Josh Rivers, sacked from his new role as editor at the Gay Times over offensive tweets published in the past, has said he is “appalled” by his posts.
The tweets, some of which have now been deleted, have been described as racist, transphobic, homophobic and anti-Semitic.
Mr Rivers, who has already apologised, also made remarks about obese people and children with disabilities.
He told Radio 4’s PM programme: “I was appalled… I said, ‘Who wrote that?'”
“I was stunned, I was confused. I spent most of my 20s in a daze, in a blur. I was not sober as much as I probably could have been.
The 31-year-old added: “I was lost, I was angry. I was upset, I was lonely. And I think those tweets are a reflection of someone lashing out at the world around him.
“They were cries for help.”
Mr Rivers said: “My past is mine to reckon with… I have to look in the mirror (every day), I have to get myself to a place where I’m fit to serve the community.”
He said he had “no recollection” of writing the tweets, saying he had drunk heavily in his 20s.
Mr Rivers added that he had been seeing a therapist since 2014 “to unpick the loneliness and sense of abandonment… I’ve taken who I was and I’ve turned it into who I want to be”.
The Gay Times magazine wrote on Twitter that it had removed all articles written by Mr Rivers from its website.
‘Inappropriate and unacceptable’
Gay Times said: “Gay Times do not tolerate such views and will continue to strive to promote inclusivity.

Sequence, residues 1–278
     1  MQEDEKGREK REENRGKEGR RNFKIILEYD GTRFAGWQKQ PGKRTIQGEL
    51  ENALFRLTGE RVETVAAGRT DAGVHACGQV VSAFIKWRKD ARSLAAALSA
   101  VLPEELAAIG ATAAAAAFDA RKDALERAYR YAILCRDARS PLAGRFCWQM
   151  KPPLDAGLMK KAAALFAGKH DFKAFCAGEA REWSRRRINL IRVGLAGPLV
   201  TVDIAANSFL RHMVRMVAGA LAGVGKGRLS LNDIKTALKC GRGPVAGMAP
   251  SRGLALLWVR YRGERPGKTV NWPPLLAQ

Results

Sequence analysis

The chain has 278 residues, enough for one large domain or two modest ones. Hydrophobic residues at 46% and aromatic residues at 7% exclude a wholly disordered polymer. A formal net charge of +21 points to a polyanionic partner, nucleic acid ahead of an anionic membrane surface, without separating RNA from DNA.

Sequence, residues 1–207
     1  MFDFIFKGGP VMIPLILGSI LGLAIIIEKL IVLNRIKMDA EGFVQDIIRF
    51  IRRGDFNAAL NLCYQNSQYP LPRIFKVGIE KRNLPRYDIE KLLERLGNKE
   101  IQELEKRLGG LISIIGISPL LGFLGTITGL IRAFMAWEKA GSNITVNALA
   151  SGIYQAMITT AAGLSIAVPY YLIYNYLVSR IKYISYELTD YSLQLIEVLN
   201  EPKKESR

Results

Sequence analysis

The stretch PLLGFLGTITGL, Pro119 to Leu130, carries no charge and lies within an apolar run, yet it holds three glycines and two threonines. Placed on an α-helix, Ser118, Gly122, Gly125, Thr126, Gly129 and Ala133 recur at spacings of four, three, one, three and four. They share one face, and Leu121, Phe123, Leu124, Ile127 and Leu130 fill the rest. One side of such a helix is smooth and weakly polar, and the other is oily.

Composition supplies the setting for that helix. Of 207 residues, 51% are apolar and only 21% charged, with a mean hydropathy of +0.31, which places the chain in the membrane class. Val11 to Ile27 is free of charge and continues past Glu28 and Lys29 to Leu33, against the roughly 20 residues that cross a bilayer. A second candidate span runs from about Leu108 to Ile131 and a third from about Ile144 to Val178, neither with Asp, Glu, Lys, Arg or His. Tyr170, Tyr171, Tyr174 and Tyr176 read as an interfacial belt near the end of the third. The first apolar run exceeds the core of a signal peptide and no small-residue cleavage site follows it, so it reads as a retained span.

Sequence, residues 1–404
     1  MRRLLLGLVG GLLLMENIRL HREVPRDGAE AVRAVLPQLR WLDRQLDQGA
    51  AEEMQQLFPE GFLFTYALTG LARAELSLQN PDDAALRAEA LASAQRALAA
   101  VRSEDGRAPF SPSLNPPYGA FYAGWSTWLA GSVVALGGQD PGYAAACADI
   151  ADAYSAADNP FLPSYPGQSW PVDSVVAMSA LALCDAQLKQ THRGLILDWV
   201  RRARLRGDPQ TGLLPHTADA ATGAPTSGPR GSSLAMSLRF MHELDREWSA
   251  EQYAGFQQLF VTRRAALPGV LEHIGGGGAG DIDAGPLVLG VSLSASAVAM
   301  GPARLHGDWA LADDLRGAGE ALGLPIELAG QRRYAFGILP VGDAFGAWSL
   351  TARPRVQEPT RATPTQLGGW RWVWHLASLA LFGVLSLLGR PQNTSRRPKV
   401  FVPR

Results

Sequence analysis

“We sincerely apologise for the offence that has been caused, particularly to those members of our wider community to whom such inappropriate and unacceptable commentary was the focus.”
The publication added it is relaunching on 30 November with “what is quite possibly the most significant overhaul in its 33-year history”.
It will feature submissions and significant contributions from “the far reaches of our wonderful and diverse LGBTQ community”.
Gay Times has been praised by its readers for making the decision to end Rivers’ position at the magazine and have been responding to their statement on Twitter.
Craig Evry wrote, “Well done on taking swift, decisive action. A well thought-out and sincere statement.”
Alan Palmer added, “Strong, positive reaction. Too often, organisations try to ride out the storm and do nothing so as not to risk themselves. Well done.”
Holly Amory also tweeted, saying, “Thank you! It bodes well that you’re taking this so seriously.”
Rivers was appointed editor in October. In a statement released before his removal from the post, he said: “I have long taken steps to address the issues that prevented me from treating people with the respect and kindness I value so dearly now.
“It is because of my past and my own awakening that I’ve since pivoted everything in my life towards supporting and empowering our community.”
He expressed sadness that “the damage I caused before has now resurfaced to cause more pain”.
Benjamin Cohen, chief executive of LGBT news organisation PinkNews, told the BBC: “I am frankly appalled at the litany of offensive Twitter posts that Josh Rivers made over a number of years.
“It is beyond surprising that the level of inappropriate and hurtful comments were not uncovered by Gay Times during the recruitment process for the appointment of the key role of editor.
“As someone who for many years wrote a column for Gay Times, I’m saddened that what was a great institution has had its brand so recklessly damaged by someone who was in office for just a few weeks.”